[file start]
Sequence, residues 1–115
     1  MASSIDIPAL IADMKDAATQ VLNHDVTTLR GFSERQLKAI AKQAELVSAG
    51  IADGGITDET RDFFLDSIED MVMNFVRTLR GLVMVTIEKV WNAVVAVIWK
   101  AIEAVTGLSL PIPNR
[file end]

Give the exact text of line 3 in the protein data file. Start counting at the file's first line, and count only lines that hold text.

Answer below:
    51  IADGGITDET RDFFLDSIED MVMNFVRTLR GLVMVTIEKV WNAVVAVIWK